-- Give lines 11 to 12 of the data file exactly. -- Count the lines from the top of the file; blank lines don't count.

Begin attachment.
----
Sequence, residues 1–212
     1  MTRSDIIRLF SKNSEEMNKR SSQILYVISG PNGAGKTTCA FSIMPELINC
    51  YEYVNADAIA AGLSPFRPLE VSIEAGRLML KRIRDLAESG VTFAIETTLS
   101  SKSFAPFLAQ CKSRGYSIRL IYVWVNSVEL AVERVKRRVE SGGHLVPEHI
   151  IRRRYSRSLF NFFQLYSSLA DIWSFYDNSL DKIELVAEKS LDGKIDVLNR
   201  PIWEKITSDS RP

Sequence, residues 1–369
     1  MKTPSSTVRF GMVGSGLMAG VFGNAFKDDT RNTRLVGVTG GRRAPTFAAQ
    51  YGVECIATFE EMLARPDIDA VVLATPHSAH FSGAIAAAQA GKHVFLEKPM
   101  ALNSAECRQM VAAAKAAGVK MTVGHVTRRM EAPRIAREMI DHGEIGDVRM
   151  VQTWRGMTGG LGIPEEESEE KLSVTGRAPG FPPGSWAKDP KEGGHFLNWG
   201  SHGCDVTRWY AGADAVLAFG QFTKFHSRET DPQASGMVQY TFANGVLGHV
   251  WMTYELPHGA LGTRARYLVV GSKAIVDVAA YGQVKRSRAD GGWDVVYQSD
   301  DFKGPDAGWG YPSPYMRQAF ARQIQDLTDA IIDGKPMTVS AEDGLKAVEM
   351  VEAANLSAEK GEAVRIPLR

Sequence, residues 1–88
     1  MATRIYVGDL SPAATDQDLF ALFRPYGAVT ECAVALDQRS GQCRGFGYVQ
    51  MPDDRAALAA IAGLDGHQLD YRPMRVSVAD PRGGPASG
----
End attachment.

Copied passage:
   151  VQTWRGMTGG LGIPEEESEE KLSVTGRAPG FPPGSWAKDP KEGGHFLNWG
   201  SHGCDVTRWY AGADAVLAFG QFTKFHSRET DPQASGMVQY TFANGVLGHV